When the Pistons signed Stan Van Gundy in 2014 to a five-year deal estimated to be worth $35 million, team owner Tom Gores boasted about the veteran coach’s credentials. “Stan is a proven winner in our league,” Gores told reporters. “Stan can help us shape the franchise and instill what it means to be the best.”
At the time, the signing was something of a coup. The Golden State Warriors, newly rid of Mark Jackson, had sought Van Gundy’s services on their bench. But the Pistons offered something the Bay Area club couldn’t—total control. After owning the early 2000s with stalwart defense and consistent leadership under general manager Joe Dumars, the back half of Detroit’s decade was marred by impulse signings, regrettable trades, and a series of failed coaches. By hiring Stan, the franchise seemed to signal a return to stability.
On Monday, the team cut ties with Van Gundy, no more successful than it was when it brought him in. In four seasons with Detroit, the coach went 152-176 and reached the playoffs only once—a four-game sweep at the hands of the Cavaliers in 2016. In his announcement of the decision, Gores sang a different tune than he had just four years ago. “[O]ver the past two seasons our team has not progressed,” his statement read. “[W]e decided that a change is necessary to regain our momentum.”
Van Gundy hadn’t coached since leaving the Magic in 2012, but his hiring was met with praise. He had no prior front-office experience, so he teamed up with longtime NBA exec Jeff Bower, and later, former power agent Arn Tellem, to aid the business side of the operation. In his dual roles as head coach and president of basketball operations, Van Gundy crested a wave of franchises that were consolidating power. Last season, five teams—the Hawks, Clippers, Pistons, Timberwolves, and Spurs—had head coaches who also served as the lead decision-makers in basketball ops. The coaches of two more teams—the Mavericks and Bucks—may not have had the title but held outsized influence in personnel decisions. After Monday, only four of those teams have retained their coach, and the Clippers stripped Doc Rivers of his front-office role last summer. Those who remain bring a mixed bag. Tom Thibodeau could be on the hot seat after his mission to rebuild the 2011 Bulls in Minneapolis resulted in a first-round drubbing against Houston. Rick Carlisle is overseeing a full rebuild in Dallas, and though San Antonio has been hailed as the standard for excellence over the past two decades, Gregg Popovich’s team faces its most difficult offseason of his tenure.
Early on, Van Gundy’s term seemed promising. He flipped D.J. Augustin, Kyle Singler, and a pair of second-round picks for Reggie Jackson, who’d go on to be the most dynamic guard the team had employed since Chauncey Billups and Richard Hamilton brought the ball up the floor. He stole Tobias Harris from the Magic for Ersan Ilyasova and a post-Achilles tear Brandon Jennings. He formed a fucking wall. But soon enough, the fruits of his labor turned sour.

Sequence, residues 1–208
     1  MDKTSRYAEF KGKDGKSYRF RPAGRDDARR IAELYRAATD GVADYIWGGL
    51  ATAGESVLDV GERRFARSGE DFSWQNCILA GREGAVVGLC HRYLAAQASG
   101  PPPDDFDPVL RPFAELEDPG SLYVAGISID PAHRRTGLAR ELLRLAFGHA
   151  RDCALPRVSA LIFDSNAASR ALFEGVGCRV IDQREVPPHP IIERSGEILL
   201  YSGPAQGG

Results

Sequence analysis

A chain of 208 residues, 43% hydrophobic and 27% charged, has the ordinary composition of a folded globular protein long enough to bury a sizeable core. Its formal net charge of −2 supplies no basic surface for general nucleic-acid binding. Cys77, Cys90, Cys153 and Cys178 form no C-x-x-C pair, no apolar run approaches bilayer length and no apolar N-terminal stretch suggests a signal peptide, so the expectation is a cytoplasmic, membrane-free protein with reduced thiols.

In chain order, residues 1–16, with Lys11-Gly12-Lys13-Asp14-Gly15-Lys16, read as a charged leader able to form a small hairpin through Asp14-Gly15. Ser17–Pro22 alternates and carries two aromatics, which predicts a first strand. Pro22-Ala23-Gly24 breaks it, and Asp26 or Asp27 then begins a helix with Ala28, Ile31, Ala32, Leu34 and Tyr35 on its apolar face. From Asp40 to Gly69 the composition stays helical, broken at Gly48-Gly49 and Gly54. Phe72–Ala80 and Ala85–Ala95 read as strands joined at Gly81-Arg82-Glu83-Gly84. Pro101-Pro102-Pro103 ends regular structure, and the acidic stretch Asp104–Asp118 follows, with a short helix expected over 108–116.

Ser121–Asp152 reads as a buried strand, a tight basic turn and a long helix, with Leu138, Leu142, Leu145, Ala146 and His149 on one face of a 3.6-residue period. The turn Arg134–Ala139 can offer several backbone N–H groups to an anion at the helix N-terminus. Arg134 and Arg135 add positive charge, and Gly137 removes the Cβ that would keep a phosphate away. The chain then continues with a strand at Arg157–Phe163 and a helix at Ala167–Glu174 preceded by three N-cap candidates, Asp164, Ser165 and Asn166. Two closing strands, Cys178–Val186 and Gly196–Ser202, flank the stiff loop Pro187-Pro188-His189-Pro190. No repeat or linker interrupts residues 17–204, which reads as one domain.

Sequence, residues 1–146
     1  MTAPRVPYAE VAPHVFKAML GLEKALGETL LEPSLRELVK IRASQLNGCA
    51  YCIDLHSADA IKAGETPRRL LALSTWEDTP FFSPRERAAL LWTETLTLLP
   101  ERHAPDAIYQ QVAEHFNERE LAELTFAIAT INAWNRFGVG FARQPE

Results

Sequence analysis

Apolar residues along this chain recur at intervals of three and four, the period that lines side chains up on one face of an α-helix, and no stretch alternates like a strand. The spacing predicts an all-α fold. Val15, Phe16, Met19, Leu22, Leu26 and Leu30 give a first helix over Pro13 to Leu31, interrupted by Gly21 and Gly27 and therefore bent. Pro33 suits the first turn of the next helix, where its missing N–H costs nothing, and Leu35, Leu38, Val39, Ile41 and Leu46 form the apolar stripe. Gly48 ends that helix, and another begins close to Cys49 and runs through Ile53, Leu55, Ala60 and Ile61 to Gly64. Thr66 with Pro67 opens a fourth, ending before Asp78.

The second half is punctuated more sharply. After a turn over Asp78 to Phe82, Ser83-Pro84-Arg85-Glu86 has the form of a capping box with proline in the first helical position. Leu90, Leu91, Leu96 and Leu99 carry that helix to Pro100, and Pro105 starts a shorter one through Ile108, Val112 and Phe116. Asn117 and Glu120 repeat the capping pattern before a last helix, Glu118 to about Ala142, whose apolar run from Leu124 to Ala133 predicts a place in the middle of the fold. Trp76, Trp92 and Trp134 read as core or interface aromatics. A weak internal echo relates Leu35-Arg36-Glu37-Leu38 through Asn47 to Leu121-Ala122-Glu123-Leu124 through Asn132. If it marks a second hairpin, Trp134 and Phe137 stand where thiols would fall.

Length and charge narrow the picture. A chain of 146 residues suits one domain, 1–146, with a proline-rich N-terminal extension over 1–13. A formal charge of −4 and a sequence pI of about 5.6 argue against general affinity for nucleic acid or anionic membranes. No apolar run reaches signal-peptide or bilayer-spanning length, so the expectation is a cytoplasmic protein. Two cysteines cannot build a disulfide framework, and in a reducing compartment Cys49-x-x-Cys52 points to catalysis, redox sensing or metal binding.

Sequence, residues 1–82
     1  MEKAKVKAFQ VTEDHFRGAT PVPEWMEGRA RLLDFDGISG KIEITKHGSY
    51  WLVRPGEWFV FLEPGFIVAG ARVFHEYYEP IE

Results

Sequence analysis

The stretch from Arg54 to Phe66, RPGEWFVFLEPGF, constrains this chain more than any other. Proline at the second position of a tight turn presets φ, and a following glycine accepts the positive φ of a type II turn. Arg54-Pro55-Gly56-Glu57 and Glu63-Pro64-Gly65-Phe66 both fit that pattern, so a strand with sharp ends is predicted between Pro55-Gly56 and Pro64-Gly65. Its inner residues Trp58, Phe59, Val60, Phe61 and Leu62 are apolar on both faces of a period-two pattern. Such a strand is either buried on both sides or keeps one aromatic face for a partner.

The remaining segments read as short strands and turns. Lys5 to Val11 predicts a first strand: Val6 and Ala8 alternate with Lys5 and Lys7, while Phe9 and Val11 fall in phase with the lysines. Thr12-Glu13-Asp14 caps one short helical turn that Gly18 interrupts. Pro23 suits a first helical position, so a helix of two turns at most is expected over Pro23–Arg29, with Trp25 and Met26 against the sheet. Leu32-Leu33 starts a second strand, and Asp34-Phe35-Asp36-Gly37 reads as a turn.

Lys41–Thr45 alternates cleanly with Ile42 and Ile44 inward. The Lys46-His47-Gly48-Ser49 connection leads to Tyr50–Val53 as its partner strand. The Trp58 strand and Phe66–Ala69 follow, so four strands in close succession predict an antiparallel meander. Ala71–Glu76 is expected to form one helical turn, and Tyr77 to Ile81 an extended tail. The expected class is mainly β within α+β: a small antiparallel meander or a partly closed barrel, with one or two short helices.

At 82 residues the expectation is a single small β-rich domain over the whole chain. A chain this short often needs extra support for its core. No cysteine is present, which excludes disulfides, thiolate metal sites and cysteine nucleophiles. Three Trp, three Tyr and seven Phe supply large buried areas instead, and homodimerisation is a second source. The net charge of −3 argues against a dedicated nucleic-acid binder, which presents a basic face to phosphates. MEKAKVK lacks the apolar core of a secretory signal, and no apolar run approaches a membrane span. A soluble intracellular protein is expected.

Jackson was awarded a contract as lucrative as John Wall’s second deal (much to the Washington guard’s chagrin), and though he occasionally performed like a franchise cornerstone, his penchant for injury and insistence on playing hero ball sank the team. Langston Galloway, Jon Leuer, Boban Marjanovic, and Jodie Meeks all received deals that far outweighed their values on the floor. He waived Josh Smith, siphoning millions in future cap. None of the team’s draft picks project as consistent NBA starters. And then there was the Blake Griffin trade, a home run swing so clearly the result of a desperate need to make the postseason that it was destined to fail. Though the idea of two All-NBA talents in the frontcourt is enticing, Detroit had a better net rating when either Griffin or Andre Drummond sat than when they shared the floor. Even off the court, the move had little positive impact. The early-2000s Pistons consistently drew some of the biggest crowds in the league. This season—their first in a new downtown arena—broadcasts were marked by scores of empty seats.
The Pistons’ dominance of the Eastern Conference now seems like a distant memory. Detroit’s last playoff win came in 2008 in the East finals. Since then, six different coaches have helmed the franchise, and only one season—Van Gundy’s second—ended with a winning record. And while the next coach to inherit the head-coaching position will receive a team talented enough to reach the playoffs, an injury-ravaged roster that costs $20 million more per season than it should will make the job a poison pill of sorts.
For years, Detroit—like San Antonio, its spiritual twin to the south—served as a model middle-market franchise. The Pistons found success behind efficient offense and lockdown, hard-nosed defense. Three titles in the past 30 years and a few more brushes with championship potential raised expectations. But a dearth of talent and poor decision-making leave the team with a more unstable future than ever.
A new coaching search begins for the fourth time since Tom Gores bought the team in 2011. Van Gundy’s 46.3 winning percentage is the best of any Pistons coach since that time, but he leaves the next steward with no first-round pick in this summer’s draft, a slew of role players on long-term deals, and a Big Three—Drummond, Griffin, and Jackson—that will earn a combined $74 million next season, and more in the years to follow.
Brent Barry is reportedly being considered as a replacement in the front office, and Bower will seemingly remain as general manager. While there haven’t been any reports regarding who’ll take over as head coach, it’s a safe bet that the Pistons won’t make the mistake of hiring one person for both jobs once again.
Correction: An earlier version of this article misspelled Brent Barry’s name.